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Creative Minds

Can Childhood Stress Affect the Immune System?

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Katie Ehrlich

Katie Ehrlich
Credit: Alan Flurry, University of Georgia, Athens

Whether it’s growing up in gut-wrenching poverty, dealing with dysfunctional family dynamics, or coping with persistent bullying in school, extreme adversity can shatter a child’s sense of emotional well-being. But does it also place kids at higher of developing heart disease, diabetes, and other chronic health conditions as adults?

Katherine Ehrlich, a researcher at University of Georgia, Athens, wants to take a closer look at this question. She recently received a 2018 NIH Director’s New Innovator Award to study whether acute or chronic psychosocial stress during childhood might sensitize the body’s immune system to behave in ways that damage health, possibly over the course of a lifetime.


A Scientist Who Bends Musical Notes

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As a pioneer in cancer immunotherapy, Jim Allison has spent decades tackling major scientific challenges. So it’s interesting that Allison would consider one of the top five moments in his life jamming onstage with country star Willie Nelson. Yes, in addition to being a top-flight scientist at the University of Texas MD Anderson Cancer Center, Houston, Allison plays a mean harmonica.

Allison taught himself how to bend notes on the harmonica as a teenager growing up in a small Texas town. By his 20s, Allison was good enough to jam a couple of nights a week with the now legendary Clay Blaker & the Texas Honky Tonk Band. When Blaker asked if he wanted to hit the road with the band, Allison declined. He had his postdoctoral training to finish in molecular immunology.


From Songbird Science to Salsa Dancing

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Erich Jarvis spends his days at the Rockefeller University, New York, studying songbirds and searching for clues about the origins of language. But at least two nights a week, you won’t find this highly accomplished neurobiologist mulling over the latest neuroscience results or shooting an email to colleagues about their ongoing efforts to sequence bird genomes. He’ll be in the dance studio, practicing his latest salsa dancing moves.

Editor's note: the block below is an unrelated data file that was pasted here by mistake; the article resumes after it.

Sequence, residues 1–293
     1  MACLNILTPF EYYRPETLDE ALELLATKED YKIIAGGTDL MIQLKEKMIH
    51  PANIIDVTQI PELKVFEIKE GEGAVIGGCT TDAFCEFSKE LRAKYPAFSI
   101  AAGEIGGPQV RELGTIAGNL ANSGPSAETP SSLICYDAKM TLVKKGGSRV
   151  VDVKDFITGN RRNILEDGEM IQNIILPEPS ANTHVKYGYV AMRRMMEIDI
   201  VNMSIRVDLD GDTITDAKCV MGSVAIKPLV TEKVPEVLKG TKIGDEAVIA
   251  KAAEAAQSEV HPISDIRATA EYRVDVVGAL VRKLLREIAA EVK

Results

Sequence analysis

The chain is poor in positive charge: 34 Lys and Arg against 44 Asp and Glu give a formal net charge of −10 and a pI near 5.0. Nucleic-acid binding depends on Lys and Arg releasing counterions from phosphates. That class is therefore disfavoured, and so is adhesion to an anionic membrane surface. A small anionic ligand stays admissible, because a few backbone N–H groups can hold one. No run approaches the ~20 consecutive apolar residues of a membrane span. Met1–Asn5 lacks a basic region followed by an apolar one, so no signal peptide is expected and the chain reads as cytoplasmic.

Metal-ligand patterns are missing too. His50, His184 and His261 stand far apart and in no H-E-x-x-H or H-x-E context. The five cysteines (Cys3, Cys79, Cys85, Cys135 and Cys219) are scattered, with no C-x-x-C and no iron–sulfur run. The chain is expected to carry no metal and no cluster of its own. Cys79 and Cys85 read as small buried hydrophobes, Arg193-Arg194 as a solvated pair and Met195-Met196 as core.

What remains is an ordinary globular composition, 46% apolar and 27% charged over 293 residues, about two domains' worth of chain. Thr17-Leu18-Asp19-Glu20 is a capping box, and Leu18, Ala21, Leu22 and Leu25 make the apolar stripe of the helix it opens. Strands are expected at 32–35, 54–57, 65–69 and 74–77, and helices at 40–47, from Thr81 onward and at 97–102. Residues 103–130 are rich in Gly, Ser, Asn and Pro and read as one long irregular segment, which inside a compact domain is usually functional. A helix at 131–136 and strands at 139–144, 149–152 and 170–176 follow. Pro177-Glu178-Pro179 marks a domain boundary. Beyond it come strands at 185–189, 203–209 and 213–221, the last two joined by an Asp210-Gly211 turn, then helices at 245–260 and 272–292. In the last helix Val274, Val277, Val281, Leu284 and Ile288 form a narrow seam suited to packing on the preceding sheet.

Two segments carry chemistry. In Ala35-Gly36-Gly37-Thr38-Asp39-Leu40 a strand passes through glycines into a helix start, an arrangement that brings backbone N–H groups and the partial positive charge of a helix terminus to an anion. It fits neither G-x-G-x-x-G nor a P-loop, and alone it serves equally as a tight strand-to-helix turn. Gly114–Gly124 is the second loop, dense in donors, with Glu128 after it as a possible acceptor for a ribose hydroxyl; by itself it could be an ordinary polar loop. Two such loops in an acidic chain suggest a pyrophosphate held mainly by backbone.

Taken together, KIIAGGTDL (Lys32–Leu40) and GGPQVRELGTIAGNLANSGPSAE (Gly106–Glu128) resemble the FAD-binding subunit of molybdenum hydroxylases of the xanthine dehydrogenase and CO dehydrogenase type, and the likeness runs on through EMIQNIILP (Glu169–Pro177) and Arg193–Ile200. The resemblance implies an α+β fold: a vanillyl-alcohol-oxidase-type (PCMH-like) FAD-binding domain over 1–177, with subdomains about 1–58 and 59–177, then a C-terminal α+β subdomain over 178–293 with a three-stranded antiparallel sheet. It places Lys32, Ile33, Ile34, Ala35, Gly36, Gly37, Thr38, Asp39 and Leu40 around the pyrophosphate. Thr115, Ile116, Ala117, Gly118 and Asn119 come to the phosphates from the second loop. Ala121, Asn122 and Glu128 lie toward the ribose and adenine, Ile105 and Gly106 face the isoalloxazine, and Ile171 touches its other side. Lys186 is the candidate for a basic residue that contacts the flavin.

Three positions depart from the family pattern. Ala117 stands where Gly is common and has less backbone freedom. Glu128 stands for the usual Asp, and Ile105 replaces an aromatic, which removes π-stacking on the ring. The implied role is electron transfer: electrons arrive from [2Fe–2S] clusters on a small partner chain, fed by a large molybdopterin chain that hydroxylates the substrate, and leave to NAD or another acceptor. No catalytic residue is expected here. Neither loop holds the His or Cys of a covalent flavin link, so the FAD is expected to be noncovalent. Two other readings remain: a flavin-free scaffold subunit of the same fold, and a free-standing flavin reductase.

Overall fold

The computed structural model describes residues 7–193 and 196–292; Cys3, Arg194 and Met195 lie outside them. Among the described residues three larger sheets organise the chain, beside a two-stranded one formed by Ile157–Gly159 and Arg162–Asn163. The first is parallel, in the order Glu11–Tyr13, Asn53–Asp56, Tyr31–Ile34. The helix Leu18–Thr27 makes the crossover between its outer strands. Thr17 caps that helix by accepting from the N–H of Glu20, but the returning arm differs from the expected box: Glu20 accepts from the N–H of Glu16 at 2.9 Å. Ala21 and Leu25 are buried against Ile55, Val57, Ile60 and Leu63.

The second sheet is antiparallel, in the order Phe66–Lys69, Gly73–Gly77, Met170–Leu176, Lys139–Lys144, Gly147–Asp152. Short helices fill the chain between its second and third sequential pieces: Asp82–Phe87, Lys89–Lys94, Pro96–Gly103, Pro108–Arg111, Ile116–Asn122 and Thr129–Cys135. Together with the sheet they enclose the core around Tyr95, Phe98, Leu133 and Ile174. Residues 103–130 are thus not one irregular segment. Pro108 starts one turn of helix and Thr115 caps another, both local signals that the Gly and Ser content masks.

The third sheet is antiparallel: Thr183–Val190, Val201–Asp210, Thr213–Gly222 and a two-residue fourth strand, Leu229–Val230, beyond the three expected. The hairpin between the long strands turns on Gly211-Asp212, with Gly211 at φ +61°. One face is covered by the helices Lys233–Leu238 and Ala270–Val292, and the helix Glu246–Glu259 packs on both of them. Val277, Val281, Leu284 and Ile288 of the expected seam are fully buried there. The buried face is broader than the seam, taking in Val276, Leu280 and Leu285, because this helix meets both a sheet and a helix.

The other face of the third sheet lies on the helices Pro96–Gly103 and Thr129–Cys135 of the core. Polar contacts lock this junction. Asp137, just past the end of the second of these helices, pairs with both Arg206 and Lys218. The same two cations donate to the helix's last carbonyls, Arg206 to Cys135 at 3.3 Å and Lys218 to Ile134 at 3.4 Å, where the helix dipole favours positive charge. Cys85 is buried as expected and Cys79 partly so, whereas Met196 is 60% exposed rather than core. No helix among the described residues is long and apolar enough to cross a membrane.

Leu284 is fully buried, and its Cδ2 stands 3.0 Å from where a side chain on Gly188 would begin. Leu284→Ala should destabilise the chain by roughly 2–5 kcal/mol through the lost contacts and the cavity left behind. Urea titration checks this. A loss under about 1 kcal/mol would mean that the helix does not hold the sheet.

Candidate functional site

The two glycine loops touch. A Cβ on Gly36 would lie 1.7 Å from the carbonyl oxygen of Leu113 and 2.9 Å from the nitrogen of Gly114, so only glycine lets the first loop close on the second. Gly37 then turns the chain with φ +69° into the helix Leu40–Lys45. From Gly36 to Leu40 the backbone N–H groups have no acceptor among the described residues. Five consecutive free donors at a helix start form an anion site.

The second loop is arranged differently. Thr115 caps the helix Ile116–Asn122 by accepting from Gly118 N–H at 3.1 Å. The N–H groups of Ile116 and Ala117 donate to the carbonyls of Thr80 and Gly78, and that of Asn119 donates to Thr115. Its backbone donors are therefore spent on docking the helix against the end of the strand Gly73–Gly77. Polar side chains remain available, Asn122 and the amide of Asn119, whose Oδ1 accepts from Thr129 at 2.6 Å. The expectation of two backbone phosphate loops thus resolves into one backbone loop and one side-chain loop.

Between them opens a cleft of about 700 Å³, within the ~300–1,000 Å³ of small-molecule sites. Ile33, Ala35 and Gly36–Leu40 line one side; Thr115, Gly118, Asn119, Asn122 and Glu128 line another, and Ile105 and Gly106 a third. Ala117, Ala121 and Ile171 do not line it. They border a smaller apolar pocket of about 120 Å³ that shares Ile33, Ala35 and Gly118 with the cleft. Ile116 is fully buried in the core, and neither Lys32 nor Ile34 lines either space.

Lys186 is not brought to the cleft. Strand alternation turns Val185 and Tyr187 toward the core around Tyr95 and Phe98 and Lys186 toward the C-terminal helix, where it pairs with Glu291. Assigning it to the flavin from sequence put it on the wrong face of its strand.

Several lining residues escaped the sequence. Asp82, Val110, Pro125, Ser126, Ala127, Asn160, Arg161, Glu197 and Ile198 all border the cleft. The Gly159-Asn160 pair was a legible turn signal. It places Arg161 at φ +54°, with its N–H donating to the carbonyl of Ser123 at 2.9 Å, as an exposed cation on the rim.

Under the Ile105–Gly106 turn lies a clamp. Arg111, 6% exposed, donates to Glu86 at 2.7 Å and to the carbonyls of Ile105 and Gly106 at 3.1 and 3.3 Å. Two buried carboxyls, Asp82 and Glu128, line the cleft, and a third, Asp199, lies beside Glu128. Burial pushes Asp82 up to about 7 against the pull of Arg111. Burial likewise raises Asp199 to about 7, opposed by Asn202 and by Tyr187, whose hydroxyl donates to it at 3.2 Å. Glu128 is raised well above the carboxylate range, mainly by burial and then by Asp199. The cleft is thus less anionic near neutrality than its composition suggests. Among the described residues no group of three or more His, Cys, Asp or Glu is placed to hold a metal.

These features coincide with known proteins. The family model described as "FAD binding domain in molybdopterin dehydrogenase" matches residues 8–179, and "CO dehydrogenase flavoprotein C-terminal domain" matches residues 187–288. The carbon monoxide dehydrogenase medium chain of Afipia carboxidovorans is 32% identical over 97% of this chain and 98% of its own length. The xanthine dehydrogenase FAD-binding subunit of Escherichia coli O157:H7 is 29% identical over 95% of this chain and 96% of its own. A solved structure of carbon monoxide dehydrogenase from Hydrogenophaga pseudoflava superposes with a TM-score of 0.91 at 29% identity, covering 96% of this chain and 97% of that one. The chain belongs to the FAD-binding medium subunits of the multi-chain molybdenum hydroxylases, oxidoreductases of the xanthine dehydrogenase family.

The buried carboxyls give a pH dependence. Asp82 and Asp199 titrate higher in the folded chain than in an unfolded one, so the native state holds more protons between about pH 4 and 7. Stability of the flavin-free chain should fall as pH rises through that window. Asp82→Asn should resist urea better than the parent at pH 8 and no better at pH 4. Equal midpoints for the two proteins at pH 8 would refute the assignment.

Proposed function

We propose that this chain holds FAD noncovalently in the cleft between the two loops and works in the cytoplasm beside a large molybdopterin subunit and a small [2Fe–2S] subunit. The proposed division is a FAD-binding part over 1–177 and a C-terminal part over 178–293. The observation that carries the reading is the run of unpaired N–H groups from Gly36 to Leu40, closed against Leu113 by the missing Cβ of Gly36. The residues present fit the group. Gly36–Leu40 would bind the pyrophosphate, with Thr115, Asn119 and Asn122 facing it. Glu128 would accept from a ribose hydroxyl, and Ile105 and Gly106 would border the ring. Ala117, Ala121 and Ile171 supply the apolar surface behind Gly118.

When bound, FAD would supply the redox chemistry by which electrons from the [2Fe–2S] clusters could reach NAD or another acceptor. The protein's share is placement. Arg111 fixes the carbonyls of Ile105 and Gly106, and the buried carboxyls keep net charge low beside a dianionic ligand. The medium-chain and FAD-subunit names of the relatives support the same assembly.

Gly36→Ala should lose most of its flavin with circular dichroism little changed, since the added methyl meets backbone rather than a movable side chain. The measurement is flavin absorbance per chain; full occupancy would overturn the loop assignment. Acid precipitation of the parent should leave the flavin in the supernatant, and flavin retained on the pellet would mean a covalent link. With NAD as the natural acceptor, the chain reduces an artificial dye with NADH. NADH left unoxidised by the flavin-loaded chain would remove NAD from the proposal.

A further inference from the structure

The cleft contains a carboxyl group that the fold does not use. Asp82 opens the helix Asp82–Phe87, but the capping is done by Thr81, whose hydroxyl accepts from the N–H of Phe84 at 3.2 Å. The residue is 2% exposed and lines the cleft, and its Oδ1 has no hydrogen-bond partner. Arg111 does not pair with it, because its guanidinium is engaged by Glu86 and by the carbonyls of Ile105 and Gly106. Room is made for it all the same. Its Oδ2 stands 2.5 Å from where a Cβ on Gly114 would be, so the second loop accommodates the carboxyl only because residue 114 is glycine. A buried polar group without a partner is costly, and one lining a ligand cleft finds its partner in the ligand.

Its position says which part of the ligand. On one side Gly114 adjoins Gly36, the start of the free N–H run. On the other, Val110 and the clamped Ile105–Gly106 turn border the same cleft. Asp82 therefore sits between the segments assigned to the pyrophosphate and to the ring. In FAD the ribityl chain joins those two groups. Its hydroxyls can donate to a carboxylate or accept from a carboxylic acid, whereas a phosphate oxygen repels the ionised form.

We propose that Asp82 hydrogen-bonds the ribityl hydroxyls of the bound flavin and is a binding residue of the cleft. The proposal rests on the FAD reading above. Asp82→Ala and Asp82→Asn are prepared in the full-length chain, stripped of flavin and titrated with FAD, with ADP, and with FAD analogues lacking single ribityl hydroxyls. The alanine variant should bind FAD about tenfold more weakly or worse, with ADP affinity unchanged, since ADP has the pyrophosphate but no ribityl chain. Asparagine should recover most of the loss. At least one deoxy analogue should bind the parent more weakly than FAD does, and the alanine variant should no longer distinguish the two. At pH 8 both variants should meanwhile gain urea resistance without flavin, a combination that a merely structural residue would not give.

In fact, before even considering a career as a scientist, Jarvis was a dancer. He danced ballet in grade school, later enrolling in New York’s High School of the Performing Arts as a dance major. Between academic classes, he spent three hours each day practicing ballet at school and, as a teen, another three hours each night practicing solos and pas de deux at the renowned Joffrey Ballet School and, later, the Alvin Ailey American Dance School. Jarvis even received an invitation as a high school senior to audition for the Alvin Ailey American Dance Theater.


A Scientist and Conservation Photographer

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These stunning images of animals were taken by Susan McConnell, whose photographs have appeared in Smithsonian Magazine, National Geographic, Nature’s Best Photography, Africa Geographic, and a number of other publications. But photography is just part of her professional life. McConnell is best known as a developmental neurobiologist at Stanford University, Palo Alto, CA, and an elected member of the U.S. National Academy of Sciences.

How did McConnell find the time while tracing the development of the brain’s biocircuitry to launch a second career as a nature photographer? Her answer: Every research career has its seasons. When McConnell launched her lab in 1989 at the age of 31, she was up to her eyeballs recruiting staff, writing research grants, and pursuing many different leads in her quest to understand how neurons in the brain’s cerebral cortex are produced, differentiated, and then wired together into functional circuits.


From Juggling to Biomechanics

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For any aspiring juggler, the path to greatness requires mastering the dreaded “five-club backcross.” It’s a move that begins by juggling five clubs in front of your body and transitions to doing the same thing behind your back! Dr. Noah Cowan has nailed it once, and vows to do it again one day.

But this NIH-funded neuroscientist and bioengineer, who directs the Locomotion in Mechanical and Biological Systems (LIMBS) Laboratory at Johns Hopkins University’s Whiting School of Engineering in Baltimore, doesn’t have much time to practice his juggling these days. Instead, he is focusing on ways to use virtual juggling, such as the ball-and-paddle system shown in the video above, to explore the biomechanics of motion. His ultimate goal?  To apply what he’s learned to advance the fields of robotics, prosthetics development, and physical therapy.


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